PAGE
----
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Importance of reading goes beyond classroom at Warfield Elementary School

'We're committed to instilling a love of learning in all our children,' Principal Cristina Smith says
Children reading at Warfield Elementary School
Posted at 12:46 PM, Sep 08, 2021
and last updated 2021-09-08 18:16:37-04

INDIANTOWN, Fla. — WPTV and the Scripps Howard Foundation are partnering with the Literacy Coalition of Palm Beach County this year in an effort to get more books in the hands of young children.

We visited Warfield Elementary School in Indiantown to see the importance of getting young minds excited to read.

Warfield Elementary is a community bedrock.

"We're committed to instilling a love of learning in all our children and making sure they have all the resources they need to become successful readers," said Principal Cristina Smith.

Warfield Elementary School Principal Cristina Smith
Warfield Elementary School Principal Cristina Smith speaks about the resources her school provides to foster a love for reading.

Fourth-grader Sara Hernandez loves a book with lots of make-believe.

"It makes a mental movie, and it's like I'm watching a show instead of reading a book," Sara said.

"I like reading because it's fun," added Aurora Flores.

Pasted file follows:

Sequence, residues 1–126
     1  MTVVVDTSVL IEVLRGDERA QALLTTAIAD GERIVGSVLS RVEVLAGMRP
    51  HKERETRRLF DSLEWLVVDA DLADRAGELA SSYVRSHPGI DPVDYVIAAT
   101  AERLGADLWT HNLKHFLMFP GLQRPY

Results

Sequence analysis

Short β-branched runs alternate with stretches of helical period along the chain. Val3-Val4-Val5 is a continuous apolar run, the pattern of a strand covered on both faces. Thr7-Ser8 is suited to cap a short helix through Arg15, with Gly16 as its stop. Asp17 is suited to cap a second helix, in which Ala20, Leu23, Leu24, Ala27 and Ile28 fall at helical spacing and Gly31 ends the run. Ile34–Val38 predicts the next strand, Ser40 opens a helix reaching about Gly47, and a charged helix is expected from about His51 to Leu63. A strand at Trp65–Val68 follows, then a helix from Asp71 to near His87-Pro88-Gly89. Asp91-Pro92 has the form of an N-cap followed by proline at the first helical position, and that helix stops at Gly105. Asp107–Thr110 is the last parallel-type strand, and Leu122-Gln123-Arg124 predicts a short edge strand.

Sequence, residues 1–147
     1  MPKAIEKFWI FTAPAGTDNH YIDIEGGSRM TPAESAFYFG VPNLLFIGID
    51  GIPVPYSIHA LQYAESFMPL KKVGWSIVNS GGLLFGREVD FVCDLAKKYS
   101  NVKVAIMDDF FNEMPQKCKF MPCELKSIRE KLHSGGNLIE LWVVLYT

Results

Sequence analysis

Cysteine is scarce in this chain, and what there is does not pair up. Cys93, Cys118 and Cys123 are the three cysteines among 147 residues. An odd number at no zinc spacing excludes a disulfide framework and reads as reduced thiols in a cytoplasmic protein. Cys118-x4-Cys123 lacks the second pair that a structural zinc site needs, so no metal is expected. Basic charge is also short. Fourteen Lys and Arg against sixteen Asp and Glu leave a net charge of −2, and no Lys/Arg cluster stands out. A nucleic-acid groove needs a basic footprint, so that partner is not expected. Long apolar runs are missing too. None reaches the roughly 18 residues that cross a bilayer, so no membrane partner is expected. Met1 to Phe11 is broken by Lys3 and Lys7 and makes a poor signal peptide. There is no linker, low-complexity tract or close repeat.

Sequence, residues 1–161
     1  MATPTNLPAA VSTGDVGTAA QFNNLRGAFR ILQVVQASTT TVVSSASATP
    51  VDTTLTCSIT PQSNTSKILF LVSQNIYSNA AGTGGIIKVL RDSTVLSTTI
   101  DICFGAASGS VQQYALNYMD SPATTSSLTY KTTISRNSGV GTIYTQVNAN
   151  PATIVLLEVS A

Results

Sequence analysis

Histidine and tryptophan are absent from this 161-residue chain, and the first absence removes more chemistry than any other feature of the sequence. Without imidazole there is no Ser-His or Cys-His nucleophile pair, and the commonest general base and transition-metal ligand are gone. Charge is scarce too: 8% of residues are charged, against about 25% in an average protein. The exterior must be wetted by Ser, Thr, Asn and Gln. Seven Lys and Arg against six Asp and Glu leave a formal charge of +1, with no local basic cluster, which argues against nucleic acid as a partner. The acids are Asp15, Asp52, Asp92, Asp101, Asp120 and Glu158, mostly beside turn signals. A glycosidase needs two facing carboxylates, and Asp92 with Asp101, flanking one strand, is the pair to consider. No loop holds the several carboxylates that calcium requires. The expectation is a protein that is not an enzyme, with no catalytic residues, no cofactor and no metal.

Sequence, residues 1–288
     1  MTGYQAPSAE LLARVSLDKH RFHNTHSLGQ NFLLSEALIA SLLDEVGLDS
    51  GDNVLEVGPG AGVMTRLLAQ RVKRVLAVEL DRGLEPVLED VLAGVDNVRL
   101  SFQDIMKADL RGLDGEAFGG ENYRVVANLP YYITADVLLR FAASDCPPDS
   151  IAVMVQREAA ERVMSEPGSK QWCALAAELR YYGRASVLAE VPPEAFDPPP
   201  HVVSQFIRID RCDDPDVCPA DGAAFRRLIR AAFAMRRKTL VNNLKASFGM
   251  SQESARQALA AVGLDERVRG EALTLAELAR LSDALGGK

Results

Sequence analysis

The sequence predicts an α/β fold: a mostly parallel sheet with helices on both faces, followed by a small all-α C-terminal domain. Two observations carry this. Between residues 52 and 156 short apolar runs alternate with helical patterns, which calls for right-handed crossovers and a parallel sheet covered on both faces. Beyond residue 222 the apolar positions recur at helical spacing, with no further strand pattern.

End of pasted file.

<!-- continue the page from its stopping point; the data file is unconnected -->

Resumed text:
Aurora's mother said her daughter has come out of her shell and gained confidence as she has learned to read.

Perla Flores added Aurora now wants to go to the library on many days after school.

Sara Hernandez
Sara Hernandez talks about her love for reading.

Media Specialist Candice Krogh wrote the application that got the school a $5,000 grant this summer from the Laura Bush Foundation for America's Libraries, adding hundreds of books to their collection.

"The goal is to continue to add diverse characters, diverse biographies. Letting children see, as I said, books that show their culture, their heritage," Krogh said.

At Warfield Elementary, nearly two-thirds of the students are English-Language Learners, meaning more than one language is spoken at home.

So it's important that reading lessons that students receive in the classroom can then be taken home and help their parents.

"Right now when we get letters from random places, I read it to my mom and my dad, and then they understand it," Sara said.

Smith said with the pandemic, it's more important than ever to make sure the students don't regress when it comes to reading.